So looking at this promised land I decided to move my blog writing from Open Office with storage in Dropbox to Google Docs with offline enabled. I have now been writing exclusively in Google Docs for about a month and here is my experience.

The Good

I love the organization of Google Docs. There is just something about the simplicity of the interface that appeals to me. Drag and drop folder sorting is beautiful. Auto saving is great. Being able to check the content of a folder with by winding and unwinding the arrow for a folder is great. It just seems easier than drilling down a file structure and backing out of folders. I love that I am not really flipping back and forth between a file browser and an application for writing. I love that I just have Firefox open and can browse for links and write out of the same interface without having multiple applications running. Since I do much of my writing on a netbook having a single application open instead of a few is a great feature.

I find that the spell check works well and the standard keyboard shortcuts for boldand italic text work great. I really do not notice that I am in a web interface instead of a desktop application.

The Bad

While Google docs seems to promise document syncing and offline editing my experience leaves me wanting much more from Google docs. I typically operate over two main machines, a Vista desktop and an Ubuntu netbook. I take the netbook with me lots of places that do not have WIFI of any sort so I need to be able to edit my documents while offline.

The first fail came for Google docs when I was trying to start a new article over lunch one day. Low and behold the new document button is ‘ghosted’ out. So I scratched my head fired up Open Office and jotted down the notes I had in my head for an article. After a bit of research I found out that you can not create a document while in offline mode. You can ‘hack’ around this by creating a number of new documents while online and then editing them at a later point when you have a new document to write. Not a perfect solution but not too bad either so I could live with that.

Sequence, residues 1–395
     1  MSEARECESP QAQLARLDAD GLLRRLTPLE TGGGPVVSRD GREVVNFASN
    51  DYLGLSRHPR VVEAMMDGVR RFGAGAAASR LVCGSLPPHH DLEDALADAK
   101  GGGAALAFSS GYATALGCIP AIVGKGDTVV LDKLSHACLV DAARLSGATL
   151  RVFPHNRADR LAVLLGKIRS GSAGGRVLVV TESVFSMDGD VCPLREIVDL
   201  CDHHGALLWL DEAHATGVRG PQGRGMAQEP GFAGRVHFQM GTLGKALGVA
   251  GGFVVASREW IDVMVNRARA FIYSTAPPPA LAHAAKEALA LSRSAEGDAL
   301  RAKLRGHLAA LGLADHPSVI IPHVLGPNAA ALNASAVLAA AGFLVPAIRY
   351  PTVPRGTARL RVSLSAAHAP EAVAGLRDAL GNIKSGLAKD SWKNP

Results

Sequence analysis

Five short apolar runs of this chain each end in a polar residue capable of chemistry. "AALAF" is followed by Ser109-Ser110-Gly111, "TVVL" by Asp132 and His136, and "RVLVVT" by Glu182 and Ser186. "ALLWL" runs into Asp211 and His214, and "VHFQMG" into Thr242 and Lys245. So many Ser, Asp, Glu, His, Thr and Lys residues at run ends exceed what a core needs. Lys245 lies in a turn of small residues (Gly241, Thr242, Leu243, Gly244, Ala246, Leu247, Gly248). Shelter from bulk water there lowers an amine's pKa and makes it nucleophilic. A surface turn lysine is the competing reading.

The second fail or series of fails dealt with syncing my documents when transferring offline and online. For some reason a month after editing I still have documents that are marked at ‘edited offline.’ Despite the fact that I am currently giving Google Docs every opportunity to sync these items while I sit here online finishing this article in Google docs. Since it appears that the documents are just marked as ‘edited offline’ while still having the content syncedSo while this is annoying again I can live with that.

The final fail item was just today. I had planned to work on a document and finish it off for a blog post. Unfortunately for some reason Google docs decided not to sync that particular document today. So there I am ready to write an article and I get totally stumped. I suppose the great thing about that is I got to finish off this post about the ways in which Google docs has failed me. Maybe it has something to do with the Linux implementation of Firefox but to be honest I really do not care. I just want my apps to work.

The Conclusion

I love the thought of web apps and offline access but at this point I do not think that Google docs is there. Sure if you always have a WIFI connection Google Docs is a great resource but if you are editing offline and online you are out of luck (at least in my experience). I actually love writing in Google Docs but the syncing problems just kill the option for me. I really do not want to switch back to Open Office and Dropbox but I feel I have no choice. So I think I’ll be going back to using Open Office and storing documents in my Dropbox for syncing. The only downside to that is the poor functionality of Open Office for Mac. Fortunately my main machines are Linux and Windows with Mac as an occasional platform (at least for writing).

My next attempt at online document writing will be with Microsoft’s Office Live. Hopefully that is not a bucket of fail. Added after I scheduled the post Unfortunately it seems that Office Live is also a buckect of fail. While many browsers across many platforms are supported there is no Linux support in the Office Live site so my primary writing machine won’t work. I guess that means I’m stuck with Open Office and Dropbox for syncing.